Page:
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Instead of Attacking WikiLeaks, Fix What It Exposed

Ann Wright

Former Defense Secretary Robert Gates was right when he suggested that the WikiLeaks revelations were “embarrassing” and “awkward.” But his assessment — and that of so many other government officials — stems from the magnitude of what he left unsaid.

These revelations are not merely embarrassing. They also contain evidence of government actions and policies that are an abuse of power and that violate international human-rights standards to which we as Americans are committed.

For instance, through the information coming from WikiLeaks documents, the public is now aware of “FRAGO 242” — an official order not to report evidence of prisoner abuse by Iraqi security forces. This policy violates the United Nations Convention Against Torture, which was ratified by Congress in 1994. The treaty explicitly requires allegations of cruel or inhuman treatment to be investigated and brought to a halt.

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In recent days, WikiLeaks has released cables that show government officials helped conceal the heinous execution of family members of suspected combatants in Iraq. The site of the murders, which included the execution-style slaying of two children and three infants, was obliterated by a subsequent coalition airstrike.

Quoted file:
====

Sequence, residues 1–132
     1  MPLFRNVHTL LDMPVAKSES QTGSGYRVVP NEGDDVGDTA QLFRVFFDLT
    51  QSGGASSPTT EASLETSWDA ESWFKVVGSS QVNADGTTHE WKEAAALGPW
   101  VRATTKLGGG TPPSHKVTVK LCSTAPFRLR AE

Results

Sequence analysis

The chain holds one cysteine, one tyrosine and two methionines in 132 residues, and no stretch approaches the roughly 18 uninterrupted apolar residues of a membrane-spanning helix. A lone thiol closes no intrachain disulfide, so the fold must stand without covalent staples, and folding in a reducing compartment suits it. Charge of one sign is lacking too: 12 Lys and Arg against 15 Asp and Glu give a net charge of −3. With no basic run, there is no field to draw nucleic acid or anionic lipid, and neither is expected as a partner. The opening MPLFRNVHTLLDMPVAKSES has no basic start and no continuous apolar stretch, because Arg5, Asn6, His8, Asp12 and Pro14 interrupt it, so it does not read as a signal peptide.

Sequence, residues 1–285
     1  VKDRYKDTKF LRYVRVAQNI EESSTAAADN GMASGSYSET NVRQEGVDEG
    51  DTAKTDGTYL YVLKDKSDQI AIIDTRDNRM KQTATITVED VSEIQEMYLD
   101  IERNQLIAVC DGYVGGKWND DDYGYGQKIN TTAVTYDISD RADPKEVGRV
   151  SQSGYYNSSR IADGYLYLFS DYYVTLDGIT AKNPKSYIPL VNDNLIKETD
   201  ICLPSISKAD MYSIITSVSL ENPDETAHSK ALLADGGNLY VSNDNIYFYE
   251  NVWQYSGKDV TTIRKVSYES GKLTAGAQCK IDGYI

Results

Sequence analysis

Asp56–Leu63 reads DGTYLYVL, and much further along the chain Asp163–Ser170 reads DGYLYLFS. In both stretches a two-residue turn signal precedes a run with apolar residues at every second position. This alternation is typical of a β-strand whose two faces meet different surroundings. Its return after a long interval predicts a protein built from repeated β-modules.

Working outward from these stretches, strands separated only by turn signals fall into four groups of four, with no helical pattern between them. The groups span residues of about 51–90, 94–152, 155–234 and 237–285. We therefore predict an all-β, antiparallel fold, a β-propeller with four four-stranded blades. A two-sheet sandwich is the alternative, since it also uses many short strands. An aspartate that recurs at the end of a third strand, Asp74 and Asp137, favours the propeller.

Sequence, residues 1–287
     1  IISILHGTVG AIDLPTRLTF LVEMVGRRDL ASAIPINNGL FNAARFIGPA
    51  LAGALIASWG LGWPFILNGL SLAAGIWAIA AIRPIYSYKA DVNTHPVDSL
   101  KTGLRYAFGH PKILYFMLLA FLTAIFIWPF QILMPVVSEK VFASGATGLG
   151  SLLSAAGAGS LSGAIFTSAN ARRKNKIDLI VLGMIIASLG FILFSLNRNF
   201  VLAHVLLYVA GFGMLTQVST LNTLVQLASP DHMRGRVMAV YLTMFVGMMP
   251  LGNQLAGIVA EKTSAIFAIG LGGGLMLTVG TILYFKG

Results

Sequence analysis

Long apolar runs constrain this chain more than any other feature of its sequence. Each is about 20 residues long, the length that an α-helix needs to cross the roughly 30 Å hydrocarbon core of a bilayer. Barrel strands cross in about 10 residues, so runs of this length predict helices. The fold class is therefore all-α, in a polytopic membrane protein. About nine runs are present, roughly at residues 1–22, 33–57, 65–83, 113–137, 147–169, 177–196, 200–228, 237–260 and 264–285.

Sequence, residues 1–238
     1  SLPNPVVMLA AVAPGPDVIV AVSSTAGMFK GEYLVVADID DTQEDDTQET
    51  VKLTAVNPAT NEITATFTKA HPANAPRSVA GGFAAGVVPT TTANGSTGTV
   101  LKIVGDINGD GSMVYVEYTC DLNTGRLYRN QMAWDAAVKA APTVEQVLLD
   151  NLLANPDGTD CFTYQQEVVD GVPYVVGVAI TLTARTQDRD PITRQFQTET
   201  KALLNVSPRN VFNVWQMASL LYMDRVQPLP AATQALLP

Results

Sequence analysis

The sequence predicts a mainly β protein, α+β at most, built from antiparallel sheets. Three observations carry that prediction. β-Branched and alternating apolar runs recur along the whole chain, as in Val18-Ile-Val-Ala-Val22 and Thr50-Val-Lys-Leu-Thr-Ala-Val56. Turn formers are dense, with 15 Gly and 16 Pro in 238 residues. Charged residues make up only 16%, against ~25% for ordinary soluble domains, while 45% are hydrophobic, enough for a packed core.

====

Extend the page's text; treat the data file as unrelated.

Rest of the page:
Taken as a whole, the material shows a pattern of concealing abuse by both U.S. and coalition forces. The information revealed by WikiLeaks is thus a critically important tool for those who seek to uphold basic human-rights standards and the professional conduct of U.S. military forces.

These revelations also bring our system of classification into question. Although Pfc. Bradley Manning has not yet been brought to trial, President Barack Obama has publicly declared that the former U.S. Army intelligence analyst “broke the law” by allegedly sending this restricted information to WikiLeaks.

Many civilians — and a surprising number of military personnel — are unaware that this system of classification is not grounded in any law passed by Congress. In fact, the entire edifice that allows the use of classification rests solely on the basis of executive orders that have been renewed and modified by various presidents. The ability to restrict information from the public is essentially an unchecked assertion of executive power.

However, according to Obama’s policy for classification of government documents (Executive Order 13526), there are several situations under which government information must never be classified. The government cannot use classification procedures “to conceal violations of law, inefficiency, or administrative error; prevent embarrassment to a person, organization, or agency … or prevent or delay the release of information that does not require protection in the interest of the national security.”